Lisa Barry: Where do you get your ideas from?
Ken MacGregor: Oh, everywhere. Things I read, overheard snatches of conversation, just things that popped into my head out of nowhere and demand to be written down sometimes, which I adore. I mean, really, everything is grist for the mill, you know.
Lisa Barry: How scary are your writings?
Ken MacGregor: Well, I guess it depends on who you ask and your tolerance, really. And I've written some stuff that's pretty intense and pretty dark and also brutal. But I also write kids' stuff and I write, like, fantasy sometimes. So, it really just runs the gamut from not scary at all to probably nightmare-inducing.
Lisa Barry: And, Sarah, when putting together this week's story, did you find numerous authors of horror stories in the Ypsilanti area?
Sarah Rigg: I have a suspicion. I didn't track down all the ones that are here, but the other two people I spoke to were really fun. There were a husband-and-wife team called Crysta Coburn and Greg Pizzino, and not only do they write horror, short stories, and some steampunk horror overlap, but Greg wrote a horror musical for to be performed by the Neighborhood Theater Group, except it got interrupted by COVID, and he's still hoping to have that produced someday. And his wife, also acts as co-founder of a podcast called The Haunted Mitten. So they were really a lot of fun to talk to. I just pulled it up after I talked to them to get a sense of what it's like, and they are supposedly having an upcoming segment that's going to be set in Ypsilanti that's going to focus on the Starkweather family.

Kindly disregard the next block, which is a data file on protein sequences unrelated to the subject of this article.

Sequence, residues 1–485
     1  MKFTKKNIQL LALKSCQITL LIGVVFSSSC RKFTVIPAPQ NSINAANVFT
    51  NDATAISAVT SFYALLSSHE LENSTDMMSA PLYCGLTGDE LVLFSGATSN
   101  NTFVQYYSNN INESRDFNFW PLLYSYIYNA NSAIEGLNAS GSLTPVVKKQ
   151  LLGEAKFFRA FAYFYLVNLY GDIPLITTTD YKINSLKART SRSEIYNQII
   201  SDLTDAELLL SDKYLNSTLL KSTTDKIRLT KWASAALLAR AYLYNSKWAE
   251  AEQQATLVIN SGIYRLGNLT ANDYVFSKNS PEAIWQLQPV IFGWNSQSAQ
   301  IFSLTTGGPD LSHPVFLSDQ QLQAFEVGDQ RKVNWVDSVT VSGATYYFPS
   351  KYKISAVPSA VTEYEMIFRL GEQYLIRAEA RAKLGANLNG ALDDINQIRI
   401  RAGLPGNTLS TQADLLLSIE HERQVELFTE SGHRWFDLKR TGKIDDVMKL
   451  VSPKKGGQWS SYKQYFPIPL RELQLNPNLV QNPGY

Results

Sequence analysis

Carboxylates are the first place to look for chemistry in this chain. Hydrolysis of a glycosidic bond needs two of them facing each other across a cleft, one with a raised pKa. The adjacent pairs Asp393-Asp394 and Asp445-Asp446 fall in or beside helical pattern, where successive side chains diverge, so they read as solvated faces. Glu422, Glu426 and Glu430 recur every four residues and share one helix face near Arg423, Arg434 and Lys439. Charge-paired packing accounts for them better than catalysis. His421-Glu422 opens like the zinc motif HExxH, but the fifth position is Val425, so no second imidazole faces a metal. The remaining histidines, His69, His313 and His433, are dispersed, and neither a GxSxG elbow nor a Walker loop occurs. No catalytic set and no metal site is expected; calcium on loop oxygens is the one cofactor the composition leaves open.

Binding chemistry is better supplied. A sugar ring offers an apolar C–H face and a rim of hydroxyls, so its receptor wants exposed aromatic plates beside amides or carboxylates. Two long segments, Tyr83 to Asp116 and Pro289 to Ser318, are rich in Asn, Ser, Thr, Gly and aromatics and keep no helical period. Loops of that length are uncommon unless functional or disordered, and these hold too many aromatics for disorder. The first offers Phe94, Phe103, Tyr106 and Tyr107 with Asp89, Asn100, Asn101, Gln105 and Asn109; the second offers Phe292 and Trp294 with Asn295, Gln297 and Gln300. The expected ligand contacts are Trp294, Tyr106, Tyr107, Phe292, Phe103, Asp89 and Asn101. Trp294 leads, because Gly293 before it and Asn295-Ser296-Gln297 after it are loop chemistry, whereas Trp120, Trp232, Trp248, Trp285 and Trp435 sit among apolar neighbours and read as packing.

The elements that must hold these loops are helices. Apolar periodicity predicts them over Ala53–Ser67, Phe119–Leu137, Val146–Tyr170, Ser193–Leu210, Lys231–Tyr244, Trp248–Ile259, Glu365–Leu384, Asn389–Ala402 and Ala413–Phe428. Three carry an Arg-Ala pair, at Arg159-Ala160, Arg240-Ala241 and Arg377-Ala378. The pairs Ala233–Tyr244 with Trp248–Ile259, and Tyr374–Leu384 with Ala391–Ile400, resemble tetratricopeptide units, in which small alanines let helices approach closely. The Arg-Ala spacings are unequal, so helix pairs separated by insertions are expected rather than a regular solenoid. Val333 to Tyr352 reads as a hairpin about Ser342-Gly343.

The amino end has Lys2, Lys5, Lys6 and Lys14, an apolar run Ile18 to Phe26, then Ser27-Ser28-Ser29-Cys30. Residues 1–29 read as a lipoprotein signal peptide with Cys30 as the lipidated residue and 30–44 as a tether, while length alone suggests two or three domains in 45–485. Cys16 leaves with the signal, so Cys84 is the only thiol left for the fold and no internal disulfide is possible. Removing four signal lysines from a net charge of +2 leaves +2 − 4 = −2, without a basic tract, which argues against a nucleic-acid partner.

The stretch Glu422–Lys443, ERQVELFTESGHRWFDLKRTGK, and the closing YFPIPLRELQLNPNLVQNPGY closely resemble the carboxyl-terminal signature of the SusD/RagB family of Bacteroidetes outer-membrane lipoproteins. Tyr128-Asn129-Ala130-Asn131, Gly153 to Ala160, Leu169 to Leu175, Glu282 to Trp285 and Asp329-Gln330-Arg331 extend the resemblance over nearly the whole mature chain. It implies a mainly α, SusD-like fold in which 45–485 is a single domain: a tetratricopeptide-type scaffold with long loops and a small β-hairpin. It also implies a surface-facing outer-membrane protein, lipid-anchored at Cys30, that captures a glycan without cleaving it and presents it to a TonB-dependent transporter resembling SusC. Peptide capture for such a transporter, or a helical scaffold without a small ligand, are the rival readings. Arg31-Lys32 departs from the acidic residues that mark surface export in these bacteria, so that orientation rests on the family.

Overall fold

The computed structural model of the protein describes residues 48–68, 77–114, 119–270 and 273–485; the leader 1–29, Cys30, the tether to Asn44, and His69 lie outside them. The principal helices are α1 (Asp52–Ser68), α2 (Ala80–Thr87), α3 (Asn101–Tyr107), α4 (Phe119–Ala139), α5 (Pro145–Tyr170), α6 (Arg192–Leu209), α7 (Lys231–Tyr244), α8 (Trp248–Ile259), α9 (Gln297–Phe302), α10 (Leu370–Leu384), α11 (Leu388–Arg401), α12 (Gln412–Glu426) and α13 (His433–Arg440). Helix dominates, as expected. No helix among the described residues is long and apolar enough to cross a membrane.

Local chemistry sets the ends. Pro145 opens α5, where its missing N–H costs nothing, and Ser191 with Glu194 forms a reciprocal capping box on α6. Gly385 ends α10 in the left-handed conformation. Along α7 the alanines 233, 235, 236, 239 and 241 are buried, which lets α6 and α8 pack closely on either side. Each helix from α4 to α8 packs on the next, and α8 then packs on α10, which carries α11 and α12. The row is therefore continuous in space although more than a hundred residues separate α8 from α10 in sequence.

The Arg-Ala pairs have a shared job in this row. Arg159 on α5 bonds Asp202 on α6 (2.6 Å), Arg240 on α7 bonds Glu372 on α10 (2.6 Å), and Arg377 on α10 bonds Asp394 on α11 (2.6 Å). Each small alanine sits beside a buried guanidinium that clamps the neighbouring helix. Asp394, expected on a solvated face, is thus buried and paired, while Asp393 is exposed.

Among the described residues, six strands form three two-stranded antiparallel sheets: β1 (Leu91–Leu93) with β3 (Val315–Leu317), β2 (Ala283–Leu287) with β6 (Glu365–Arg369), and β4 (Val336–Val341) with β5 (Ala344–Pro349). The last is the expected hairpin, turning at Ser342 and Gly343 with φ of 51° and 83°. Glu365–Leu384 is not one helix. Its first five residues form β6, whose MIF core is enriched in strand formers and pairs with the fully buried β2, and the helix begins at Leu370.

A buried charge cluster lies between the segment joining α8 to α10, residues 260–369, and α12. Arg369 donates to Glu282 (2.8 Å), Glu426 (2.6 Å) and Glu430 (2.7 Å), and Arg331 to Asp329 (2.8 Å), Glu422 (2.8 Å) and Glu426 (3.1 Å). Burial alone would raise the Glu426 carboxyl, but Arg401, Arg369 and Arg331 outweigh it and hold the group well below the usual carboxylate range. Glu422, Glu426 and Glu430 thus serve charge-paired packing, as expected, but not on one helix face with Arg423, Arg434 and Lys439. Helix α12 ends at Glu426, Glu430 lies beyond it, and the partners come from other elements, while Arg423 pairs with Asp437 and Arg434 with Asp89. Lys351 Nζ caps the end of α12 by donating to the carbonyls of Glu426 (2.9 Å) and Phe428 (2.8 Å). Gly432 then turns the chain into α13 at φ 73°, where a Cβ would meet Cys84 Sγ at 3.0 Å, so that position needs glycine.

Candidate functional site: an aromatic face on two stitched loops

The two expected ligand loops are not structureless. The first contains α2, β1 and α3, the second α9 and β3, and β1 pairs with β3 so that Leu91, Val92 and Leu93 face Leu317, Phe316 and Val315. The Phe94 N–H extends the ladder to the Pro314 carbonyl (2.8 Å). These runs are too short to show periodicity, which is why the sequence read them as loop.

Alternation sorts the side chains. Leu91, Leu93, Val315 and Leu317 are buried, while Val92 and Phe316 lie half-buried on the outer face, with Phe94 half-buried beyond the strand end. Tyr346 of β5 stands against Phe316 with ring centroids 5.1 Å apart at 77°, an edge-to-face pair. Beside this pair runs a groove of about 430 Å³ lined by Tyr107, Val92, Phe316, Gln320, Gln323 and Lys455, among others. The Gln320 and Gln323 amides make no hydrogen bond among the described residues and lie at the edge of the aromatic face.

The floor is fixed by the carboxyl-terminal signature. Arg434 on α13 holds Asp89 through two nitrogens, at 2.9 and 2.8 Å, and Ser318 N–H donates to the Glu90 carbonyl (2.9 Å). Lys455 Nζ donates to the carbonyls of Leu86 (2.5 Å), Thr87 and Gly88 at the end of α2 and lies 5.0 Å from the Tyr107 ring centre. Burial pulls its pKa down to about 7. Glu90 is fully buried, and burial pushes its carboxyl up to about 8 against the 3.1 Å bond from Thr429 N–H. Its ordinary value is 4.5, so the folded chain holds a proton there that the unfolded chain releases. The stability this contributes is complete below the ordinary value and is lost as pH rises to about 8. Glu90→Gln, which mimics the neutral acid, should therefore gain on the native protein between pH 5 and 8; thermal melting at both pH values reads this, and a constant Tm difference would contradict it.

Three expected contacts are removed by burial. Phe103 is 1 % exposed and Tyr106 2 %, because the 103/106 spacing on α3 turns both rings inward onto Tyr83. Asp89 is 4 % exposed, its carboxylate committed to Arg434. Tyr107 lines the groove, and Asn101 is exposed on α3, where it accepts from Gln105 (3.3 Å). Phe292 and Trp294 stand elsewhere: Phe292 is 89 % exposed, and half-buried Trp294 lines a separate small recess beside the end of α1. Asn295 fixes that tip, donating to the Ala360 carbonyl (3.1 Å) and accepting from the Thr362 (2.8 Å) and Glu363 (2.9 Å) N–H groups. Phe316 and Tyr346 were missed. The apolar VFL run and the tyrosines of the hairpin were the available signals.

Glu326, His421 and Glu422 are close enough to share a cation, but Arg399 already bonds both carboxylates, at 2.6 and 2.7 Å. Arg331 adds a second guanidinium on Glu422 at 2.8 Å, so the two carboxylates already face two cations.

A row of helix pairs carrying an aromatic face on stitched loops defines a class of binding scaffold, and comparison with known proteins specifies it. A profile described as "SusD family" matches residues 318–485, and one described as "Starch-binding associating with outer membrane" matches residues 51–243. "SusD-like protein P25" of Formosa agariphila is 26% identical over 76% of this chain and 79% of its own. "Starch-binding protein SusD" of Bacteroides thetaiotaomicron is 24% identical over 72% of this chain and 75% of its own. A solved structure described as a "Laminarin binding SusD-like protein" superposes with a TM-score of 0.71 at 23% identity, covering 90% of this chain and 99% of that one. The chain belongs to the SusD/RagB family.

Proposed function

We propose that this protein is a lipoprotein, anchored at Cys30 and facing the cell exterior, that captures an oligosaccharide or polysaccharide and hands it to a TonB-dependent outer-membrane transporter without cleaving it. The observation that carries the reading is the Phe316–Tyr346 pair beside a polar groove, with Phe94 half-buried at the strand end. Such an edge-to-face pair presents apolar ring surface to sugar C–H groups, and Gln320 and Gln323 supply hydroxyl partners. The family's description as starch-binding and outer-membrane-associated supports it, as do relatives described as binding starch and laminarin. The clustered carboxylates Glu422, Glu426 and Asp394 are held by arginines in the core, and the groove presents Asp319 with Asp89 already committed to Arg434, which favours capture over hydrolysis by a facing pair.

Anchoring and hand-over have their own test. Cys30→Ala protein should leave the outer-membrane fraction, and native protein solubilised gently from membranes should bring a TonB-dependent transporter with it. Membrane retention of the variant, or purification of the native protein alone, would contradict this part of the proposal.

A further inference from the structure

Lisa Barry: Can we find your books in bookstores, Ken, or just online?
Ken MacGregor: Yeah, you can. You can find them online. And also there are bookstores and other stores locally to carry it. The Book Suite is a new place on Plymouth Road in Ann Arbor. Carries all my titles. Nicola's carries Stitched lips, Black Stone in Ypsi carries Stitched Lips as well. And Twisted Things and Stardust both carry all my books in downtown Ypsi. So, yeah. And it's also some of them on the shelves at major chains as well, too.